Designers based it on a Messopotamian ziggurat - a pyramid-like structure with receding levels - and it is safe to say there are few other schools in the UK which look anything like it.
And while the outside of the building remains the same, around £700,0000 has just been spent on enhancing and refurbishing large areas of the interior
The ageing theatre has been completely refitted with 225 seats in a cinema-style and the main atrium, or foyer, space is now a light and modern hub at the heart of the school.
The dining area has undergone a total transformation with additional bench seating and American diner-style booths.
A dedicated ‘inclusion centre’ has also been created for students who find communication and social interaction particularly challenging.
Every classroom will be redecorated and refurbished over the next year, taking the total upgrading investment up to around £1.5million.
Mr Marston, who has been in post for just a year, told the Melton Times: “It’s really nice to come in and feel like you’ve got an opportunity to approach it like a blank canvas.
“We’ve involved students in the decision-making processes and that’s something they’ve really taken on board.
“There is a real investment in the school from the community.
“So many people use it for sport and activities and performing arts at the weekend so it is important to make it so that the school, which started off as a community college, still really serves the community.”
Mr Marston, who is also head of Roundhill School at Thurmaston, feels the changes represent a bright new era for Wreake Valley Academy, as it clocks up its 50th year.
Student numbers are also increasing and things are most definitely on the up.
“It’s fair to say Wreake has been a bit of a poor relation for a few years,” said Mr Marston.
“No money spent on the place and a dramatically falling roll.
“Two Septembers ago they only had 113 kids in year seven and in its pomp it would have had 240 every year.
“There are around 210 kids coming in September this year so we are now able to spend some money on the place and look after specialist facilities.”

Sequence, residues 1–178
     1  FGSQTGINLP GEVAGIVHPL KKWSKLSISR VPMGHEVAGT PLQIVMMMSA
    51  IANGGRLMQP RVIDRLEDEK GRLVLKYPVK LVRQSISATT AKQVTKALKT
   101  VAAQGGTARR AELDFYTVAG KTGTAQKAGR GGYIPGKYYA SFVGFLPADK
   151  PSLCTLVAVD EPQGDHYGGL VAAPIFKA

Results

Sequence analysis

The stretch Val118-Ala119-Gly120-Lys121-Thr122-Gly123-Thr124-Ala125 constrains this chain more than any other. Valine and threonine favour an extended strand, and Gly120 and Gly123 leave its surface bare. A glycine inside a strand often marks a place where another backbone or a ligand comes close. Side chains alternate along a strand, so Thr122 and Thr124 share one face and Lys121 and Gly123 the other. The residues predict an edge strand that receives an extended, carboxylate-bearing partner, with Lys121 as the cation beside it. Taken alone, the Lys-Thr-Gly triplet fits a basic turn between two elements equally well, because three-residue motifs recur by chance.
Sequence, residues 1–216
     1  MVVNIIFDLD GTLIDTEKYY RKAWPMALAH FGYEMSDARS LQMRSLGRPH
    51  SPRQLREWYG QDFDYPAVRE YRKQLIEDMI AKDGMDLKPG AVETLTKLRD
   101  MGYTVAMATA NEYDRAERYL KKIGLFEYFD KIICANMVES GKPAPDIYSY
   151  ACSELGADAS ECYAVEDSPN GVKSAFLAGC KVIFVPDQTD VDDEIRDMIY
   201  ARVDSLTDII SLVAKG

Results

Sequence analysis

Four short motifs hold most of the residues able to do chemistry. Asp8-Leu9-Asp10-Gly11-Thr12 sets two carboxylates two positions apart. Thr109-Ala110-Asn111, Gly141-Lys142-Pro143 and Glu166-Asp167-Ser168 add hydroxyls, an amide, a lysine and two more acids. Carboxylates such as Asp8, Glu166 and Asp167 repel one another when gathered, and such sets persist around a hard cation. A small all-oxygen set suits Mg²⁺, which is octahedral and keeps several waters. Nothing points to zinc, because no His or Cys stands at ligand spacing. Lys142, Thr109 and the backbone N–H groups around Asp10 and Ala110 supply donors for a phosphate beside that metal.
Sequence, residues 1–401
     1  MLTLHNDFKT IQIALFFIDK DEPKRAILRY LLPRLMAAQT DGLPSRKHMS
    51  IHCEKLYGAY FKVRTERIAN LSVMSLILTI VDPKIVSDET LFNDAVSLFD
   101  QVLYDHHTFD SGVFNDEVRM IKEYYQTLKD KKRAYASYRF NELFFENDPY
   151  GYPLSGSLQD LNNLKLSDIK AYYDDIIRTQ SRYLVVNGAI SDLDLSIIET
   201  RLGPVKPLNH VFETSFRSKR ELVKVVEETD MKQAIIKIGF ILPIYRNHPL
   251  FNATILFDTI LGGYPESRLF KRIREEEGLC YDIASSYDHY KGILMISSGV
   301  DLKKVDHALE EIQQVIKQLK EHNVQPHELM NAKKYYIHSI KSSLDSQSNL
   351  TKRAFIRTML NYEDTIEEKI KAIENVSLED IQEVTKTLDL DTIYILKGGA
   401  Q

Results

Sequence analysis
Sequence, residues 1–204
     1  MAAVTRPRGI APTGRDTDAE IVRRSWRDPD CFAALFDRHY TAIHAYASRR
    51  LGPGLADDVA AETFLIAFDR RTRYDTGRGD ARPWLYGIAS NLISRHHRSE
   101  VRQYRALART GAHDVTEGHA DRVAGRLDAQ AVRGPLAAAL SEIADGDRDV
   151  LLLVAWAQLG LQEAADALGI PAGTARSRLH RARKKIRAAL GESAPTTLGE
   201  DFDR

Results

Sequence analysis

Almost the first thing Mr Marston did when he took over the school was to send all students home with the onset of the pandemic.
More youngsters are now choosing to attend Wreake Valley Academy, including many more from villages to the west of Melton in the Charnwood district.
This allowed more staff to be taken on, including 15 newly-qualifed teachers
Mr Marston explained; “Over the last few years Wreake ended up taking quite a few students who were late applicants from the city who had not got their first choices and this year, having done lots of work, lots of students are now coming from the villages into the school, which makes it worth us running properly sustainable buses for the next few years to make sure people can access us, which is great.”
Students are enjoying the new-look facilities inside the school, especially the diner-style refectory area which encourages them to linger longer and interact more.
A proper 50th celebration is planned when lockdown eases later this year at a school which now make as a big an impression inside as it does from the outside.
Mr Marston added: “We have a very strange building but it has a bit of history to it.
“It must have looked like a spaceship landing when it was built but we are very lucky to have it.
“Some of the parents had been to the school when it looked as it did before inside, as had their parents, and on open evenings it is the first time they have seen it look different in 50 years.
“So it’s really nice to get that wow factor.”
Families interested in sending their children to the academy can visit www.wreake.bepschools.org for details of open events or call 0116 2641080 to enquire about the limited number of places available for the year starting in September.